Knex (with MySQL) had a very scary SQL injection

Knex recently released a new version this week (2.4.0). Before this version, Knex had a pretty scary SQL injection. Knex currently has 1.3 million weekly downloads and is quite popular.

The security bug is probably one of the worst SQL injections I’ve seen in recent memory, especially considering the scope and popularity.

If you want to get straight to the details:

My understanding of this bug

If I understand the vulnerability correctly, I feel this can impact a very large number of sites using Knex. Even more so if you use Express.

I’ll try to explain through a simple example. Say, you have MySQL table structured like this:

CREATE TABLE `users` (
  `name` varchar(100) DEFAULT NULL,
  PRIMARY KEY (`id`)

And you have a query that does a SELECT using Knex:

const lookupId = 2;

const result = await knex('users')
  .select(['id', 'name'])
    id: lookupId

You’d expect the query to end up roughly like this

SELECT `id`, `name` FROM `users` WHERE `id` = 2

The issue is when the user controls the value of lookupId. If somehow they can turn this into an object like this:

const lookupId = {
  name: 'foo'

You might expect an error from Knex, but instead it generates the following query:

SELECT `id`, `name` FROM `users` WHERE `id` = `name` = 'foo'

This query is not invalid. I don’t fully understand fully understand MySQL’s behavior, but it causes the WHERE clause to be ignored and the result is equivalent to:

SELECT `id`, `name` FROM `users`

I think it has something to do with how MySQL casts things. In MySQL this yields true (or 1):

SELECT 1 = 'foo' = 'bar'

Query strings and Express

One place where this is especially scary, is if lookupId was provided by a user, via a JSON body or query string.

Consider this example from an Express route:

app.get('/', async (req, res) => {
  const result = await knex('users')
    .select(['id', 'name'])


Here the id in the WHERE clause is provided by the URL query string:

If a the server is opened with something like:


It will return a single user, but if it was opened using:


It will return every user. And this issue is not limited to SELECT, it could also trigger in a WHERE clause in DELETE.

The reason this works is that by crafting URL query parameters in a special way, a user can have things in req.query show up as objects or arrays.

Express calls this the ‘extended’ syntax and turns it on by default. In my opinion this is a bad default because it’s not really what users expect will happen. PHP does this as well, and I believe this may have been where Express (or specifically the qs library) got the syntax from.

This is why I think Express users are expecially likely to be vulnerable. I think that most developers in professional settings are decent at validating JSON request bodies with a variety of tools, but I’ve noticed this is often not the case for query parameters. I believe a big reason for this is that the ‘extended’ syntax is not well known and ‘surprising’ behavior. Many people assume these are just strings. This is not intended as a plug, but this is also why the default behavior in our Curveball framework is to not support this. In most cases it’s not needed, and if you do want it you can use qs and explicitly opt-in.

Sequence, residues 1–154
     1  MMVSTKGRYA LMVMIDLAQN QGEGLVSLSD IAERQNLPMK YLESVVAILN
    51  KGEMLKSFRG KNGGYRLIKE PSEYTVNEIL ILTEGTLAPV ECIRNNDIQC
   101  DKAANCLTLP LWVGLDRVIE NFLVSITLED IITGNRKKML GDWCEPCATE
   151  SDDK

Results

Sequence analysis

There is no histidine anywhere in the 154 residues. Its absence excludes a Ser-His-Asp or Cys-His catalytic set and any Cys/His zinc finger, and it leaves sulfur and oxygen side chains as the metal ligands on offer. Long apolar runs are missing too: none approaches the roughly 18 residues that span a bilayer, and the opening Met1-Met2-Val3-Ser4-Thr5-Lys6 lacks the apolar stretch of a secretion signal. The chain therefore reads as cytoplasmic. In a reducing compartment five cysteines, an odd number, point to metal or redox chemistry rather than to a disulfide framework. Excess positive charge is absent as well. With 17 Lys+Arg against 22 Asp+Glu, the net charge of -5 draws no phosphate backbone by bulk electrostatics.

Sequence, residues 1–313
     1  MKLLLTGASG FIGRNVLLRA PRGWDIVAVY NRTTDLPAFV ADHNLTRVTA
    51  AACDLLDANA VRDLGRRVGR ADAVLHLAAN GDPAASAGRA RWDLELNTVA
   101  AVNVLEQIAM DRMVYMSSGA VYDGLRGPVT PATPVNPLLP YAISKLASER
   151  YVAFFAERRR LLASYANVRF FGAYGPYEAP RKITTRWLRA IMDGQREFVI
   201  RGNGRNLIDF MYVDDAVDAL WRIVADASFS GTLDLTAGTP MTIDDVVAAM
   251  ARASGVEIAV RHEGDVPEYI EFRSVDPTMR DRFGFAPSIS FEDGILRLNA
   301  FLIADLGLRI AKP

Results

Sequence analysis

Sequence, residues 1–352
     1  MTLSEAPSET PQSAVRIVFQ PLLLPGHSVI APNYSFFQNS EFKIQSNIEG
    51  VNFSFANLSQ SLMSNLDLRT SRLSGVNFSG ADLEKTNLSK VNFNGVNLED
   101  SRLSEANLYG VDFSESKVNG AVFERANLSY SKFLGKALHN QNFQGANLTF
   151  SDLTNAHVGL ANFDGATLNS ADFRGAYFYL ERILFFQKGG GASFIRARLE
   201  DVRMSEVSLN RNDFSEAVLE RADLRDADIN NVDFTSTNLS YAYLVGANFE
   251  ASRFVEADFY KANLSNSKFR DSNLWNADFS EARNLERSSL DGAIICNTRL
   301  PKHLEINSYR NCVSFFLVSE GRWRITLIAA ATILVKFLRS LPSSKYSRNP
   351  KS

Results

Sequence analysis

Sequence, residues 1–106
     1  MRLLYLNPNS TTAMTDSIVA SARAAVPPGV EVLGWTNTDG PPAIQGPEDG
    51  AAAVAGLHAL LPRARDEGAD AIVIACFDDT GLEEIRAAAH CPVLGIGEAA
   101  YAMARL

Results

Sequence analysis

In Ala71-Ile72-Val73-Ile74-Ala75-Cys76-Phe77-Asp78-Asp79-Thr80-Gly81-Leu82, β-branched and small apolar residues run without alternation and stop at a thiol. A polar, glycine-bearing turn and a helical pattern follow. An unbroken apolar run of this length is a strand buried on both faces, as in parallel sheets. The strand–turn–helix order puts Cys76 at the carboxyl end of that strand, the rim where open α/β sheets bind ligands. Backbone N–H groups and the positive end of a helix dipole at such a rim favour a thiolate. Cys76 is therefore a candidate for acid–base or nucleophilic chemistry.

Other examples

But of course, this issue is not limited to query strings. If you’re not validating input somewhere and this ends up in a .where() statement there’s risk.

A specific example is a situation where part of the contents of your WHERE clause is unguessable.

For instance, say you had a database table with records that users can only see if they know a secret code, and it’s selected with:

SELECT * FROM coupons WHERE product_id = 5 AND coupon_code = 'BIG_OOF2023'

A user presumably would have to know the coupon_code to see the coupons, but if there’s no code to validate coupon_code is a string, a user would have the power to change the query to this:

SELECT * FROM coupons WHERE product_id = 5 AND coupon_code = product_id = 'bla'

Which is equivalent to:

SELECT * FROM coupons WHERE product_id = 5

And thus no longer requiring coupon codes to get ALL the discounts.

Lastly, if you can rewrite a query that expects 1 result to return every record in a database is also an easy way to cause a Denial of service attack.

This does demonstrate again how is critical validating is and throw errors whenever you get data you don’t expect. Even if under normal circumstances nothing weird can happen, a library you use might do the wrong thing with unexpected data instead of just rejecting it.

On Knex

It’s quite unfortunate to see that this went unpatched for so long. I’d invite anyone reading this to try to not pile on on the (likely volunteer) authors but think about the larger ecosystem.

This bug was hidden in plain sight. Lots of people must have randomly ran into it and a ticket was opened. Probably the most responsible thing to do would have been what @rgmz did: do their best to contact the authors, failing that contact Github Security Team. After the Github Security Team also weren’t able to connect to the authors, make a CVE which puts this on every everyone’s radar. This ultimately led to a random bystander make their first contribution and submit a fix.

Knex feels high risk now though, and I can’t help wondering what else might be unpatched. I’ve only recently made the jump from just writing my own queries for like 20 years to Knex, but I’m probably reversing that decision for my next project.

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